Lambava goes so far as to (SPOILERS) try to sneak a couple of cheeky references to the killer's guilt past the audience, with no double-bluffing involved. The killer-someone very close to Gloria who is instrumental in the day-to-day operations of her publishing empire-tells her after the latest model's death that "sales are booming," to which Gloria replies "They should-thanks to all the work you've done." Minutes later, after viewing the corpse of Beegirl (who he'd shagged right before she died), he muses aloud that he was "probably the last one to see her alive." The police detective, understandably not picking up on the fact that the killer is planting information for the film's audience to notice on a second viewing of the film, merely replies by saying "The last one? No. You're forgetting her killer." (END SPOILERS)
There are a few moments which suggest that the film is aware of the mild absurdity of its setting, with the struggle of a rich businesswoman to hang on to her publishing empire not exactly something to which we can all relate. A throwaway reference is made to Gloria's 'Ask Gloria' column in her mag being written by someone else, and the predatory competitor who keeps trying to buy Gloria out barks for an alcoholic loosener, to which her assistant replies: "Isn't is a little early to be drinking? It's not quite 9:30 yet." (This is 9:30am I hasten to add.) Another moment which is either knowingly filmic or showing an unthinking adherence to cliché comes when George Eastman mentions a proposition to Gloria in a bar, only for us to cut to the couple walking into her house, seamlessly picking up the conversation where they left off in the bar. This simply doesn't happen in real life, any is merely a tool used by films to expediently move characters from one location to another without disrupting the flow too much (although The Limey does experiment with this technique, to extremely interesting effect. However, that's one of the greatest films ever made; Delirium is not).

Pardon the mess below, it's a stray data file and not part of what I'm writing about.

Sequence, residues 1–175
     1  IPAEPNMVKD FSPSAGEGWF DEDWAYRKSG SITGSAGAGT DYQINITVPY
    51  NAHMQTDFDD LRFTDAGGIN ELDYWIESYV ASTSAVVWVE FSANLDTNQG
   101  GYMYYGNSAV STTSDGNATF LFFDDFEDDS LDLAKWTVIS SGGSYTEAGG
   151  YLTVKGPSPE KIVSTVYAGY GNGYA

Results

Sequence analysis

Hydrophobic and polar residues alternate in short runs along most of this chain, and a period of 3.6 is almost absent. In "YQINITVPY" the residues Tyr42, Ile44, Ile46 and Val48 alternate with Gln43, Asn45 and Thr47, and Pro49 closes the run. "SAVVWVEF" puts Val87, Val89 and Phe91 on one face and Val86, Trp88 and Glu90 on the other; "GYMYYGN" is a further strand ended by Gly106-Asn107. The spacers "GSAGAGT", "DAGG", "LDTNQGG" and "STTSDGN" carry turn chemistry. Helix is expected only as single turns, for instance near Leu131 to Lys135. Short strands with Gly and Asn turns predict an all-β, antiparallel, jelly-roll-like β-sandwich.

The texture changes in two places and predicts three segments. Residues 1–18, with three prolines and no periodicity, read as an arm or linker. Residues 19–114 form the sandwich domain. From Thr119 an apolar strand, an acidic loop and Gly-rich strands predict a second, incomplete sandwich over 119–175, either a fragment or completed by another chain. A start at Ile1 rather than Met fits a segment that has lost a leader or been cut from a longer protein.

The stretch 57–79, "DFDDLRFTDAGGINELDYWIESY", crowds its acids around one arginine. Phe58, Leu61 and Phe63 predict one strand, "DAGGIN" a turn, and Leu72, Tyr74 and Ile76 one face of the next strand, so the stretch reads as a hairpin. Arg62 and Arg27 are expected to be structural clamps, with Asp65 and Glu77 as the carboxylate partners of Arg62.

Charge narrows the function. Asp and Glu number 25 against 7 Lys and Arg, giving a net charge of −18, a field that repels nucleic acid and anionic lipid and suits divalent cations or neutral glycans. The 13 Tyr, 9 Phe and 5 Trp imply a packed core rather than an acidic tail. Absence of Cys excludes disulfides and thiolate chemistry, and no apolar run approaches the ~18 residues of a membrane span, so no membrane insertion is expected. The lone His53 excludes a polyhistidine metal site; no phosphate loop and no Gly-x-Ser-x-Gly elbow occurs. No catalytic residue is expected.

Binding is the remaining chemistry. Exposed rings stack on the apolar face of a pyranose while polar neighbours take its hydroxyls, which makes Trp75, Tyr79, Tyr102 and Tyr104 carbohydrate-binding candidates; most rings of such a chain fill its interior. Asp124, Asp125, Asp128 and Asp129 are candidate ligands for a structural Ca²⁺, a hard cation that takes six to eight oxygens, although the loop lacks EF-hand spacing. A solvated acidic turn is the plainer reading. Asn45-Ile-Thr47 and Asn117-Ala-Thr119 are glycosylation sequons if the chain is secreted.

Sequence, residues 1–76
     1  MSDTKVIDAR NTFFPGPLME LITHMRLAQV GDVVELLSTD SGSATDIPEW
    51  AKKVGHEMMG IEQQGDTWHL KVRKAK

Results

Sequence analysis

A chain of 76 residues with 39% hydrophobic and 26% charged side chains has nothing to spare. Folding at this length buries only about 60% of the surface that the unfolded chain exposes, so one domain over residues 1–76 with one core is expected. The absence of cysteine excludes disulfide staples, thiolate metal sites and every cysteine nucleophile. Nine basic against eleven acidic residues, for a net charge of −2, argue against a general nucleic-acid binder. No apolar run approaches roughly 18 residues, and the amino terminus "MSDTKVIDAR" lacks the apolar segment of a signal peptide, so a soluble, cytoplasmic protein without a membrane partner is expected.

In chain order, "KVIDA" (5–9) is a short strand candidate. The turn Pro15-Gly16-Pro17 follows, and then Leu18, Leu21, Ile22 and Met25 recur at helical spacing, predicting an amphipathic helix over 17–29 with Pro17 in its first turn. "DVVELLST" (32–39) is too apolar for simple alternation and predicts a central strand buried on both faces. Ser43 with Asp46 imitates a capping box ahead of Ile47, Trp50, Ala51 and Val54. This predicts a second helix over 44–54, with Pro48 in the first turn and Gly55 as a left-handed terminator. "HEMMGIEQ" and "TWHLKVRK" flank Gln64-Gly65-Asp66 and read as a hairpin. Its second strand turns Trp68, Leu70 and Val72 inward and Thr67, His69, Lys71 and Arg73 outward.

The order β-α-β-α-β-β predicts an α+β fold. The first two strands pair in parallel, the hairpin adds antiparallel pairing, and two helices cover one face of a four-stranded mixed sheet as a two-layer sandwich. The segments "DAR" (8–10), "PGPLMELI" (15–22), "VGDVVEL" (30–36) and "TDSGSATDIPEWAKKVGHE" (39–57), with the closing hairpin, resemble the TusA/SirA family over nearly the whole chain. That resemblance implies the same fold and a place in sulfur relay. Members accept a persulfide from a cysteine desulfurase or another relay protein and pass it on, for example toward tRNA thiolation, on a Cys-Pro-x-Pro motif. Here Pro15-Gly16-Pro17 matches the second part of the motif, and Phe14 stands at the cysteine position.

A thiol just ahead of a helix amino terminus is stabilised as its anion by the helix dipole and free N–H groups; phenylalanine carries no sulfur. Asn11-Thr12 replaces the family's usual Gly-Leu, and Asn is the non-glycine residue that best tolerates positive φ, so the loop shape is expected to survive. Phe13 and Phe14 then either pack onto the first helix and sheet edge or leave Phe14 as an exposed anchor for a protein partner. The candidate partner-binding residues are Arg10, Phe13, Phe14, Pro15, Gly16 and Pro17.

I've gotten this far without mentioning sex or nudity too much, for which I probably deserve a round, juicy medal. Delirium seems to have been conceived by producer Luciano Martino to showcase lead actress Serena's Grandis, although her acting ability is fairly minisculo. She even manages to persuade George Eastman to dispense with his trademark sex jeans (think Joe D'Amato's Caribbean films) for a bathtub romp, although he does seem to focus most of his attentions on the outside of her thigh. Being very much a product of a pre-MeToo era, in an un-MeToo country, the film's attitude towards women is predictably iffy. The first victim responds to a warning about going home alone from a party at Gloria's house ("You never know who you might run into") with a glib reply that could (one would hope) only have been written by a middle-aged man ("Just as long as he's cute"). The film is drenched with the sexual allure of the female body, with the killer's motive (although mostly garbled nonsense) stemming from his inability to deal with same. It's not unironic that a film which ostensibly judges a killer for his sexual perversions is simultaneously salivating over voluptuous female bodies (literally simultaneously when it comes to the film's climax [which features the killer being shot in the dick and splooshing blood all over Gloria's exposed body]).
The nosey neighbour, played by Colombian cyclist Rigoberto Uran (there's a niche reference for you) is clearly a take-off of Jimmy Stewart in Vertigo. His character is also someone to whom the progress of time and societal standards have not been kind. His pervy phone shtick is tolerated to a ridiculous degree by Gloria, and the fact that he's lonely and disabled hardly excuses his behaviour. In some ways it's refreshing to see a disabled character who's not the focus of the film's sympathy (nor is his disability used as a dubious justification for his being the murderer). However, (SPOILERS) his ultimate status as the 'hero' of the film leaves something of a sour taste, and I defy anyone to witness his shit-eating grin after vanquishing the murderer and not feel an intense urge to break his spine so the fucker really can't walk. (END SPOILERS.) Still, even when it's making you angry, the film is hard to hate. It's not a great giallo, or even a good one. It's not a good film by most metrics. But it sure as shit is mental (delirious) and guaranteed to entertain. Classic Lambava.
*For those of you who aren't wankers who studied English Literature or Film Studies at university, scopophilia is pleasure derived from observing/looking, usually of an erotic bent. Slasher films tend to be a rich ground for discourse on the subject, due to the frequent use of POV shots and nudie ladies, and her we also have the nosey neighbour and the general theme of photographing women for good measure.